Excellent response, jlw. A thoroughly broken system. Done so, incrementally, over time by just about all of us. Time for a Jeffersonian, Jacksonian fix. Let’s jack it up and run a new one under there. Let’s push government reform through a 3rd party specifically designed for that purpose. That is the ONLY way we can downsize DC, get government out of our lives and remove the tentacles of corporate power from government. Only way to achieve REAL campaign finance reform to provide clean elections.

Posted by: Roy Ellis at January 26, 2010 4:25 PM
Comment #294617

http://usdebtclock.org/

:(

Posted by: Rhinehold at January 26, 2010 5:24 PM
Comment #294618
Rhinehold, America’s population has doubled since the 1950’s.

Irrelevant, David. And you know that. The number of programs is not dependant upon the number of people in the country. I can see the amount being SPENT on those subsidies increasing, not the number of them.

The only reason the number of subsidies is increasing is because the Federal government has been successful in moving in and taking control of that much more of our lives.

And I understand that a statist is 100% behind that goal, but I am pretty confident that most americans are not statists…

Posted by: Rhinehold at January 26, 2010 5:27 PM
Comment #294620
“The problem with a spending freeze is you’re using a hatchet where you need a scalpel. There are some programs that are very important that are underfunded.” B. Obama, October 2008

“President Obama plans to announce a three-year freeze on discretionary, “non-security” spending in the lead-up to Wednesday’s State of the Union address”

Of course, like many other promises, this will be another one he will be unable to keep…

Posted by: Rhinehold at January 26, 2010 5:39 PM
Comment #294622
do not deserve a single American greenback

Deserve? I think that one key choice of words speaks volumes…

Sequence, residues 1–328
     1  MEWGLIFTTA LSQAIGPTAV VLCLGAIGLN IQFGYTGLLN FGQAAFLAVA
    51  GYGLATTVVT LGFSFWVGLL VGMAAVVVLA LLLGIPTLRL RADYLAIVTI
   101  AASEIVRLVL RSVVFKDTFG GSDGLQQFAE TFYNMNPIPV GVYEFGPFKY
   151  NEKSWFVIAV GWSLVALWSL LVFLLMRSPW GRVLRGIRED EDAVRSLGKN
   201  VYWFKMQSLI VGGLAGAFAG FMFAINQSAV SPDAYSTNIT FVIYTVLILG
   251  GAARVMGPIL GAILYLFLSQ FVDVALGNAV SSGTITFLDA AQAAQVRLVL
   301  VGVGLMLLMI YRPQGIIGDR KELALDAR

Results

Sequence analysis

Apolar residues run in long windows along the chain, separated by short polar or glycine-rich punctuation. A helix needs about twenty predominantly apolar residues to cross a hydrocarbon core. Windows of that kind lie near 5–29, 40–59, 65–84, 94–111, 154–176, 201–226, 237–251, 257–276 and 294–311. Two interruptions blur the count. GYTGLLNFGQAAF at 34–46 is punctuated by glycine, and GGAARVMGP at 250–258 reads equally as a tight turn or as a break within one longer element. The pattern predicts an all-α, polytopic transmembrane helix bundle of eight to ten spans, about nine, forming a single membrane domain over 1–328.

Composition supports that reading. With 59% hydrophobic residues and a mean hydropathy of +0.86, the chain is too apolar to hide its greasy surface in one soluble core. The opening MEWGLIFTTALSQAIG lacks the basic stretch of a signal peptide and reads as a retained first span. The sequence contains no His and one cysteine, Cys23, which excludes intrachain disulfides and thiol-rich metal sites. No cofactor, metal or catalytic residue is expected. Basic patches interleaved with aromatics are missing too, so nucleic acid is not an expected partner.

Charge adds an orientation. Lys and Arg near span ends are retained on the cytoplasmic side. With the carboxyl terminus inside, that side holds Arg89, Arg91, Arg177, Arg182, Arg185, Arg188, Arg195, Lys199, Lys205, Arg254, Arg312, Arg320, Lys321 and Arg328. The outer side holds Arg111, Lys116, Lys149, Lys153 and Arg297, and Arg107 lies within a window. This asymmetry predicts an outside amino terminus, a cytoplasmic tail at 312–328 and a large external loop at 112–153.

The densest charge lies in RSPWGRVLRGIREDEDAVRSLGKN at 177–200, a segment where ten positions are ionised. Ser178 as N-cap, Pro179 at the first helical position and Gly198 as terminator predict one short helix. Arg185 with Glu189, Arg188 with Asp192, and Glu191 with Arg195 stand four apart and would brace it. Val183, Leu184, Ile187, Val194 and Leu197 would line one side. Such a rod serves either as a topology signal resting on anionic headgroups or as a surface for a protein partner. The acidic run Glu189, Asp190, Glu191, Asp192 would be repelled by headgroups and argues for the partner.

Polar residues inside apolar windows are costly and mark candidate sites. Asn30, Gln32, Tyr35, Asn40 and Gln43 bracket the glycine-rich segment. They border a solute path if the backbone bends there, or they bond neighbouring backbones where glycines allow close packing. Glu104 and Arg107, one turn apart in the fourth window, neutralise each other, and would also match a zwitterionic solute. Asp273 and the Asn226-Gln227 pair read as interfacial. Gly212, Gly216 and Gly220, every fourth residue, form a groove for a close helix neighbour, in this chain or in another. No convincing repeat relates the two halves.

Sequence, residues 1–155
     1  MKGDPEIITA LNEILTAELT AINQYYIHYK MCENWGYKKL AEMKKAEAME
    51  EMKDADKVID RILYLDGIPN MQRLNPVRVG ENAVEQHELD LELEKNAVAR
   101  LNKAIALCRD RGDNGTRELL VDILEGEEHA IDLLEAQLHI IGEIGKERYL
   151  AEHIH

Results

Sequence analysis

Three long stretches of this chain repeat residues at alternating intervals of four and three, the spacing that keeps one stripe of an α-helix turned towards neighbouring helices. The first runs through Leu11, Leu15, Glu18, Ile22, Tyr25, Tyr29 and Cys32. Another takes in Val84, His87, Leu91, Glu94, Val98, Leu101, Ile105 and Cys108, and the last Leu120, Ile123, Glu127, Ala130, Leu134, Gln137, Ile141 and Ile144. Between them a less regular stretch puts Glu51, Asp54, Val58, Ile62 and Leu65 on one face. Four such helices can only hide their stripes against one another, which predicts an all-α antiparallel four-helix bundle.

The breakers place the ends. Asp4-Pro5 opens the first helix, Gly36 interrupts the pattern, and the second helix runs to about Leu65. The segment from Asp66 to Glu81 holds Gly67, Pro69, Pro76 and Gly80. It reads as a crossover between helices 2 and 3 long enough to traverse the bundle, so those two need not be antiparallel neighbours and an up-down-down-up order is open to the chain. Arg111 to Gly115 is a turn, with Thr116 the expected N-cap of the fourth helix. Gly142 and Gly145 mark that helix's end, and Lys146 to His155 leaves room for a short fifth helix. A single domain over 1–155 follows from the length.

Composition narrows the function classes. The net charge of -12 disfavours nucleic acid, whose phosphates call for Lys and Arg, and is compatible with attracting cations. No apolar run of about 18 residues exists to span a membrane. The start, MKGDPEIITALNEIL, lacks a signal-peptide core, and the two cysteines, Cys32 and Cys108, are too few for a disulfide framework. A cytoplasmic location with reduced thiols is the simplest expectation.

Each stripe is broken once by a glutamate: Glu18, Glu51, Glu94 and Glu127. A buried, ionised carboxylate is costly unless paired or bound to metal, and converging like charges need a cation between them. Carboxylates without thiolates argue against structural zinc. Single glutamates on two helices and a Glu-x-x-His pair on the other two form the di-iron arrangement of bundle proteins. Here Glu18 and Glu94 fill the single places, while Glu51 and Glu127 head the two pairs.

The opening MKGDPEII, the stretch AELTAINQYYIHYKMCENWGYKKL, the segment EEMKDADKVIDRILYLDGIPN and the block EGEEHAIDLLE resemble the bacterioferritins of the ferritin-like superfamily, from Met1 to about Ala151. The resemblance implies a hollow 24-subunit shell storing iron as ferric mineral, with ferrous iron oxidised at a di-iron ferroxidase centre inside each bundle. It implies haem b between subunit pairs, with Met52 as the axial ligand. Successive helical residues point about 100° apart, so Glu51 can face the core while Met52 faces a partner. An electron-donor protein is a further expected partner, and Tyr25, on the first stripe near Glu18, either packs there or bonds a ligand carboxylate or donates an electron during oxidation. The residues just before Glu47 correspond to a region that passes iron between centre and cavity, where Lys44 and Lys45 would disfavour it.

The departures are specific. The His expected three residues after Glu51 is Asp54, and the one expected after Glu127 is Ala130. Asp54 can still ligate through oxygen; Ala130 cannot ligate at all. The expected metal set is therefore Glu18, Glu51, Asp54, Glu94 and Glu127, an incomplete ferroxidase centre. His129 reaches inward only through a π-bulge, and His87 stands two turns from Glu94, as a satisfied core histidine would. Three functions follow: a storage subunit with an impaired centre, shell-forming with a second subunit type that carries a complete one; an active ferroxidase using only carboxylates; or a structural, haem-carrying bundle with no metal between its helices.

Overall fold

Posted by: Rhinehold at January 26, 2010 5:45 PM
Comment #294624

Royal Flush wrote: “If we are to survive, this sense of purpose and individual worth must be regenerated. If we are asked to deficit spend to survive the case must be made that this spending is worthwhile and not to the exclusive benefit of some at the cost of others.”

Yes, and No.

The sense of national purpose must manifest behind deficit spending to bring the economy back. Instilling that sense of purpose is the responsibility of the President and Congress. Obama will get his chance tomorrow night. Spending freezes in some discretionary areas to offset new spending on stimulating jobs, could be a sound argument, but, we will have to see if that is the argument to be made.

Congress can’t be relied upon to carry out any of its responsibilities in a competent fashion. They are too divided and blamefully partisan.

The No refers your quote: “the case must be made that this spending is worthwhile and not to the exclusive benefit of some at the cost of others.”

Any government spending will benefit some, and cost others. Deficit spending can benefit some with new jobs today, but will cost taxpayers in years to come. WWII was no different. There were many in our society who lost money as a result of the war through failed contract bids, and loss of subsidies or tax breaks due to poor management or business records. Consumers were forced into rationing and many products in demand were not available for years. Every policy or decision any of us or our government makes, will benefit some and not others, cost yet others.

Remember the definition of economics. The distribution of finite resources amidst infinite demand for them. By definition, economic decisions will benefit some more than others. In and of itself, it is an illogical critique of government policy to say it benefits some, and not others. Its like critiquing the earth for being round creating darkness on half the planet all of the time. It is what it is.

Posted by: David R. Remer at January 26, 2010 6:46 PM
Comment #294630